Malt vinegar, or alegar, is a type of vinegar that is made by malting barley, turning the barley into a beer, and then allowing the beer to turn into vinegar. The flavor is quite distinctive and very familiar to many fans of fish and chips. In addition to being used as a condiment, this vinegar is also commonly used in chutneys, and it can be added to pickling mixtures. The strong flavor makes malt vinegar less suitable for more mild, delicate sauces and dressings.
When barley is malted, it is soaked in water and allowed to germinate before being roasted to dry it out. The partial germination and roasting converts the natural starch in the barley into a sugar known as maltose. When the malted barley is fermented, the maltose will change into alcohol. The malting process is used to make beers and an assortment of liquors such as whiskey. When the mixture is fermented in a special way, the alcohol turns to vinegar, which has a high concentration of acetic acid, giving it a distinctive tangy taste.
Most malt vinegar is light brown, and it is often aged before sale to allow it to mellow. Fresh vinegar can have a raw, assertive, aggressive taste that is a bit intense, while well handled aged versions are creamy and soft. The acidity pairs with the distinctive malted flavor to create a very unique condiment. Unfortunately for fans, some companies make imitations of this popular vinegar that are dyed with ingredients like caramel; these products may be labeled with the name, but they lack the complex, layered character of true malt vinegar.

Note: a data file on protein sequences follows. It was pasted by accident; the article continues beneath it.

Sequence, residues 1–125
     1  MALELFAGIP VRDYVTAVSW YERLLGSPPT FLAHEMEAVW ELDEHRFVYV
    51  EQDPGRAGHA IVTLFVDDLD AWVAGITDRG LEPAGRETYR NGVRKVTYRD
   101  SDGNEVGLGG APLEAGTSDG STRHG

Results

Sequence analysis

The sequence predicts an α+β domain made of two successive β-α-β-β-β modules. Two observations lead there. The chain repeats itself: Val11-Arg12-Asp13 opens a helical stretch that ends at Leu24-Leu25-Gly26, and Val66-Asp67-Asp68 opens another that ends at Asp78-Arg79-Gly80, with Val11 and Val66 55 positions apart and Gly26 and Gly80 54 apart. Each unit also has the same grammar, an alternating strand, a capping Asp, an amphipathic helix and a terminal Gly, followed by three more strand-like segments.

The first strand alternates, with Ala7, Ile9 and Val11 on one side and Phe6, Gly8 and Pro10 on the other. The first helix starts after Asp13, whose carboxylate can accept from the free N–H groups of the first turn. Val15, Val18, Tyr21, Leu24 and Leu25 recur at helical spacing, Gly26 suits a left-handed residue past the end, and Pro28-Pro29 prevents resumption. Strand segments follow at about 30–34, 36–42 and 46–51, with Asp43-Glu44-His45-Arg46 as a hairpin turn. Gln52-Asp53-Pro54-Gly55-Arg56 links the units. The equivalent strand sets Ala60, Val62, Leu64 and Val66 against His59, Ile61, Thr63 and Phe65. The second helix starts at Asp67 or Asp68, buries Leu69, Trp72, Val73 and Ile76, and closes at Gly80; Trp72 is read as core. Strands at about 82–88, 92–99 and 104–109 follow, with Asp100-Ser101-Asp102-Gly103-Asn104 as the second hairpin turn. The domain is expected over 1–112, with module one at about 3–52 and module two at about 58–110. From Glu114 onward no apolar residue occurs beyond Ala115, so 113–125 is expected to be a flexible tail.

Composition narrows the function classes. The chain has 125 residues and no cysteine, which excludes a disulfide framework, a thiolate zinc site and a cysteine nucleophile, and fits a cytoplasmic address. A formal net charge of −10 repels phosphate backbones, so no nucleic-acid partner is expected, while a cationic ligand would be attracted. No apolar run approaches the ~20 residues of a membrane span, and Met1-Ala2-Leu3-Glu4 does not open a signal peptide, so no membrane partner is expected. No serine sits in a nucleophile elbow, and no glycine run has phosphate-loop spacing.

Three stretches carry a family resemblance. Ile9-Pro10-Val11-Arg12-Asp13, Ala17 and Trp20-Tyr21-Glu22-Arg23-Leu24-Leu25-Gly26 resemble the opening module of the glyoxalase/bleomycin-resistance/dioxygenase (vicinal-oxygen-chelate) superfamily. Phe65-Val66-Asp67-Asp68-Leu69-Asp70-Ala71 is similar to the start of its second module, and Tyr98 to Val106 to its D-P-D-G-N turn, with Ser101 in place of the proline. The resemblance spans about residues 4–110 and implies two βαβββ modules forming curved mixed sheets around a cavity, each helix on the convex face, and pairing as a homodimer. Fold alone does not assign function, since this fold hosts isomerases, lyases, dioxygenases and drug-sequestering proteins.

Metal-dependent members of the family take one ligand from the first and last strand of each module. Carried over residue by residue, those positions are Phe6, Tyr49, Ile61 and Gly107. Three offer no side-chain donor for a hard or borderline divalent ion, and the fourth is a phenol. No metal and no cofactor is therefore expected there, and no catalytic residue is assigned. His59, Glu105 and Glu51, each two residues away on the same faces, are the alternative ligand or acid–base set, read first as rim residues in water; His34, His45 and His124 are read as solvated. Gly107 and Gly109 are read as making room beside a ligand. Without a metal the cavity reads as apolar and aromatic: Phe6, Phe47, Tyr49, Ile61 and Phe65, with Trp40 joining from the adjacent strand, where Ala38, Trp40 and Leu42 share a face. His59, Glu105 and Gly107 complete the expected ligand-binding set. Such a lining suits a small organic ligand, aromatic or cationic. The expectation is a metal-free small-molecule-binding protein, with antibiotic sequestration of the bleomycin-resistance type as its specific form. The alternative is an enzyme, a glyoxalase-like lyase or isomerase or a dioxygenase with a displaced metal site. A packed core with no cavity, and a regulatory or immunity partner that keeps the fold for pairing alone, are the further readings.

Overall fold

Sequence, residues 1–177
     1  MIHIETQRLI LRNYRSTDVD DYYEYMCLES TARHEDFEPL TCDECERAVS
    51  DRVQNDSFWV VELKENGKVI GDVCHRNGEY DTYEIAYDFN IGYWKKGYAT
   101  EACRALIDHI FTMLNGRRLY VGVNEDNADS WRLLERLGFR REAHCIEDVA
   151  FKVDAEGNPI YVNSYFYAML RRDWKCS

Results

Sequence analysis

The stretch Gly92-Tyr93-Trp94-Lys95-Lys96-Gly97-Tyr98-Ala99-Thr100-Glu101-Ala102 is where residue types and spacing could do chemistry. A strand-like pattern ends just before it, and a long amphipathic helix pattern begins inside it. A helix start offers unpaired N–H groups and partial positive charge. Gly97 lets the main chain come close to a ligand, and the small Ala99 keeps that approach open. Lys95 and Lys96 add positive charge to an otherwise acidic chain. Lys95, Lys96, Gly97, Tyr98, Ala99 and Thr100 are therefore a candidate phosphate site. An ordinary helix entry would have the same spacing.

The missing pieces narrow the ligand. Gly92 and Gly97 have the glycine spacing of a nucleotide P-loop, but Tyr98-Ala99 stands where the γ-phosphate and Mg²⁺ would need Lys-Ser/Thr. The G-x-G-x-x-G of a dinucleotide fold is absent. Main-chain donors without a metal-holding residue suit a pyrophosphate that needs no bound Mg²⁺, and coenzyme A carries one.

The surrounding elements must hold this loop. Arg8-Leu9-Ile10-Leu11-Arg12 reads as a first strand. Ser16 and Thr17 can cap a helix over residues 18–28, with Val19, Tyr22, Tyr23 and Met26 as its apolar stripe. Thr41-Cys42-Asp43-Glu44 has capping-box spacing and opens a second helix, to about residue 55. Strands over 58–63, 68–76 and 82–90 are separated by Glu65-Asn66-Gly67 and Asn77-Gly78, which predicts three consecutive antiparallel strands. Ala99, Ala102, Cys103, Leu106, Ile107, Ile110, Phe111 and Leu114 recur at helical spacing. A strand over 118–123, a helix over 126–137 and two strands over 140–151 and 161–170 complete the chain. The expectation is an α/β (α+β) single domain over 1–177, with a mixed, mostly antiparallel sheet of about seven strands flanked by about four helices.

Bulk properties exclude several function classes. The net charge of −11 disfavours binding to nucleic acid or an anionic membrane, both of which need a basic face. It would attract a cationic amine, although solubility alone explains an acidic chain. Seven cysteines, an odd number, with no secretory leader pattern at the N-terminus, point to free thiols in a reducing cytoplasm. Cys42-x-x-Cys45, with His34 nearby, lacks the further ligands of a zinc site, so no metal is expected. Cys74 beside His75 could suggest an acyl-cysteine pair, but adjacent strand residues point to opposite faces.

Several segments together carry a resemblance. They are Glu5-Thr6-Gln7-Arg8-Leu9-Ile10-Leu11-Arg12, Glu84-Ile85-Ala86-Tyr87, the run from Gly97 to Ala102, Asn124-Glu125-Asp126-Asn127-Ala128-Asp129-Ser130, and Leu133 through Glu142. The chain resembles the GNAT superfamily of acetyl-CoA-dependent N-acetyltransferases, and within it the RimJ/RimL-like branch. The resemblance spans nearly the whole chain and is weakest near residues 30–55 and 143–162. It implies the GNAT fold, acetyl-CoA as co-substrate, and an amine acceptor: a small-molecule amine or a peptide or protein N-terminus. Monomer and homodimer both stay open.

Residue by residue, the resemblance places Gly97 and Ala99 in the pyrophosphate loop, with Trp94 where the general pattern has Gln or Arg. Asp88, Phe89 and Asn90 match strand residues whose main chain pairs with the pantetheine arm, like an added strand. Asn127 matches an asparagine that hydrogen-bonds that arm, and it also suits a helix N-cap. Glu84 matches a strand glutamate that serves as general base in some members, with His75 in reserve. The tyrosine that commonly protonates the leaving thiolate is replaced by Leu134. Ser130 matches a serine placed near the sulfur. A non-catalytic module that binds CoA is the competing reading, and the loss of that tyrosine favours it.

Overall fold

Cooks who plan to use malt vinegar for pickling should make sure that the acid content is around 5%. This concentration is ideal for pickling, and it will ensure that the food is safely preserved by the process. Vinegar that is used as a condiment should be the genuine product to provide its trademark malty flavor.
The strong flavor of this vinegar means that it is not usually suitable for the purpose of making herbed or flavored vinegars. At best, a flavored vinegar made with it will simply be overwhelmed by the malt, and at worst the added flavoring could clash with the underlying flavor in a rather unpleasant way.